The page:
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Productive Developers are Smart and Lazy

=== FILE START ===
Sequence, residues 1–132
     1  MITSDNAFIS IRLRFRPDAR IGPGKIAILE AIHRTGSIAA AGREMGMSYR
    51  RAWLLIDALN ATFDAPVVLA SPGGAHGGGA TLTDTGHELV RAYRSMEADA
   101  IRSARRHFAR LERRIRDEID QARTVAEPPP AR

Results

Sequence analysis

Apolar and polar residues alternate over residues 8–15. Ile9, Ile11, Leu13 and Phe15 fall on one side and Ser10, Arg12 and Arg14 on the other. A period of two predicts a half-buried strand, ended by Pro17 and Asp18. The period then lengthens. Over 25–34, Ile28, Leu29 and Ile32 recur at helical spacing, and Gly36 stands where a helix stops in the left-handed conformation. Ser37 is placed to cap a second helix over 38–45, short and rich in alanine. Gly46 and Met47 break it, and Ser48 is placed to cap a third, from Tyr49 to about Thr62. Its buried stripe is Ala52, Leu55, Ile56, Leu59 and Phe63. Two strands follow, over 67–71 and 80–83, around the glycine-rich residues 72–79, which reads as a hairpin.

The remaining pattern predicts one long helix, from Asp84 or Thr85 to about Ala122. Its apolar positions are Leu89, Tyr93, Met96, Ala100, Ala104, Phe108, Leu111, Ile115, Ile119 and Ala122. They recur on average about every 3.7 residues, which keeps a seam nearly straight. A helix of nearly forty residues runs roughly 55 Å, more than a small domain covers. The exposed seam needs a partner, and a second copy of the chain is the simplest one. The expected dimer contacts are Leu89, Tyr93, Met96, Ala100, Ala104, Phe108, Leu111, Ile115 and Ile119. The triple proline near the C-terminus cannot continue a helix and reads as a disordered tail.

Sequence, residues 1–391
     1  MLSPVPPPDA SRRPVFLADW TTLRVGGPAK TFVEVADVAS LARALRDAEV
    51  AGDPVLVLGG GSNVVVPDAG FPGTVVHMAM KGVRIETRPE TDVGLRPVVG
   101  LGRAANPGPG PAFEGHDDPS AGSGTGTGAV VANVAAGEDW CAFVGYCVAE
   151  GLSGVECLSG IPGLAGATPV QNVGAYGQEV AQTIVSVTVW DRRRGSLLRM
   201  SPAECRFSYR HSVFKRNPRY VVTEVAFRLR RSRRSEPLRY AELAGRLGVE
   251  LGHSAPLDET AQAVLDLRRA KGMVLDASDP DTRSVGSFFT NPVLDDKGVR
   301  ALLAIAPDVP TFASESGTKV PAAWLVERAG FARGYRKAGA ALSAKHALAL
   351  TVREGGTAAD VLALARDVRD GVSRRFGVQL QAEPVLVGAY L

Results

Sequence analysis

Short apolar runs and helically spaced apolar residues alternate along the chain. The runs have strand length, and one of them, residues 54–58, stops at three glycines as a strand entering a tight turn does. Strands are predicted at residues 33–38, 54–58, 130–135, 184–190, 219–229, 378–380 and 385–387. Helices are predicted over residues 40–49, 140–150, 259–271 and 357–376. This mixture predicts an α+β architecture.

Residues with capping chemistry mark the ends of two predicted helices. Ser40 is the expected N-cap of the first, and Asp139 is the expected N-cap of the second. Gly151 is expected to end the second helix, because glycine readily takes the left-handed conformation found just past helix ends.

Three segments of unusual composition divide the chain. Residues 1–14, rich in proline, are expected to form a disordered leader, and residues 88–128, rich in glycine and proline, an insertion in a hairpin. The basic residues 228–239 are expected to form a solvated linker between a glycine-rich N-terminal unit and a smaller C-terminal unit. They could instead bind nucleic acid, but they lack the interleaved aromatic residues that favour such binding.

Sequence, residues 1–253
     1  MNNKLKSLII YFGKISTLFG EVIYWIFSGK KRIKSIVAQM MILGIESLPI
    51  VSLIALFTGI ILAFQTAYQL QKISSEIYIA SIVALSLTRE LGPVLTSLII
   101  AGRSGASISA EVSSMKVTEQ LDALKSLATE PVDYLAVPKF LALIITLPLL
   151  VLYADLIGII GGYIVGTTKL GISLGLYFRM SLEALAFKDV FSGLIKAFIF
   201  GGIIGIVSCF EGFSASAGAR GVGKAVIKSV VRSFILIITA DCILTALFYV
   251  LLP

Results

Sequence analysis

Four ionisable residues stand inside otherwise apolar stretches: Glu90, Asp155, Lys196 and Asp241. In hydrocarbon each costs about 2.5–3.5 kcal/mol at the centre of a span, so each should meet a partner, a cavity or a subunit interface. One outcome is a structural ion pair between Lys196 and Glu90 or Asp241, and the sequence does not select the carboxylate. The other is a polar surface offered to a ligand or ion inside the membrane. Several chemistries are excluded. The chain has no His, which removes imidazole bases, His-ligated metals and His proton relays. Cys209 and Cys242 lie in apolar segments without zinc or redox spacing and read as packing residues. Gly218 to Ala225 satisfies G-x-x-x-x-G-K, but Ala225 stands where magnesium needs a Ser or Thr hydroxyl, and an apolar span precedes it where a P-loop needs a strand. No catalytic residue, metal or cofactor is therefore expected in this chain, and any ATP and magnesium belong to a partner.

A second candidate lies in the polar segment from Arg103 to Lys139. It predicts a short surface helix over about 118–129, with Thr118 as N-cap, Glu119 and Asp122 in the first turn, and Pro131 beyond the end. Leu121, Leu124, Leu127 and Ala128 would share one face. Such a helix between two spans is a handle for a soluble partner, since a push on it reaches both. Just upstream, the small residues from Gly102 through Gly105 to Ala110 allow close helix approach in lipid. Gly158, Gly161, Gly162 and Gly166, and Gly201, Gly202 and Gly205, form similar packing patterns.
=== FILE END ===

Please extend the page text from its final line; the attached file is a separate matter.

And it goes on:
When I use the terms Smart, Lazy, and Developer, I mean the following:Smart as in intelligent and able to think things through (i.e. not smart-ass)Not a dreamer who never gets around to writing anything practicalLazy as in lazy-loading, that is wait to write code (i.e. not couch potato) Developer as in energetic and focused on building real-world code solutionsGood development is lazy development; it is when the developer spends the time necessary to think through all the pathways of the solution that he is developing BEFORE writing the code. That is lazy-writing of code, i.e. not writing code before you really understand it.  The more due diligence a developer does to make sure that he is writing the correct code will reduce the amount of code that needs to be written.This due diligence takes the form of:Really understanding the requirements and getting product management (business analysts) to be clear on what are the ACTUAL requirementsThey often are not given time to gather requirements They often don’t have access to the right subject matter experts They sometimes have very poor abilities to synthesize consistent and complete requirements (see When BA means B∪ll$#!t Artist)Really making sure that you understand how you are interfacing to other developers on your team and other teamsThis involves quite a bit white boarding Often this involves producing diagrams (ideally UML and Visio diagrams)It takes time to do this due diligence to make sure that you have consistent requirements and to make sure that you will have consistent interfaces with your peers.  However, developers are eager to start banging out code and spend hours at their desks banging out code.  In reality, less than 5% of that time is spend productively (see The Programmer Productivity Paradox).  If you see developers spending 100% of their time staring at their screens with no human interaction then you are looking at some of the worst developers. It is a bad sign if developers always coding Productive developers are constantly checking their understanding of the requirements and making sure that they are staying in sync with their team’s code.  Productive developers are in regular contact with the product managers/business analysts and can often be seen white boarding with their peers and architects. There are definitely developers who use their years of experience to become more productive, in fact among the best developers:the ratio of initial coding time was about 20 to 1 the ratio of debugging times over 25 to 1 program execution speed about 10 to 1 program size 5 to 1However, in the aggregate, developers do not become more productive over time (see No Experience Necessary!), i.e. over thousands of developers there is no correlation between years of experience and productivity.  In fact, we have measured productivity regularly 8 times over the last 50 years and years of experience do not correlate (in the aggregate) with productivity. Why is lazy writing of code so important? Code is often written before the requirements are understood or gathered.  In addition, quickly written code often fails to fit with everyone else’s code; often, it is only during integration that this problem is discovered.   Good developers are patient and realize that there is a cost to writing code quickly. Developers become psychologically attached to their code  Bad developers are reluctant to change poorly written code.  Rather than rewrite suboptimal code, bad developers will simply add more code to make up for deficiencies. Even worse, they tend to blame everyone else for having bad code.  What you end up with is band-aid after band-aid that lead to a severely buggy and unstable system. Don’t get me wrong, good developers can find themselves in a situation where they have written sub-optimal code.  The difference is that a good developer will recognize a problematic section of code and:Refactor the code if the code is largely doing the right thing Rewrite the the code otherwiseWhen developers produce and maintain sub-optimal code, it becomes harder and harder to change this code as time goes on.  That is because their peers will need to write code that interfaces with the sutb-optimal code and build clumsy interfaces or work-arounds to make the code work.  As the code base grows, too many later code units rely on the functionality of this initial code.  Of course, the later code can do little to increase the stability of the code and bugs multiply when simple changes are made; in short, development becomes slower and slower. When in doubt, be lazy and write code lateReference: Productive Developers are Smart and Lazy from our JCG partner Dalip Mahal at the Accelerated Development blog....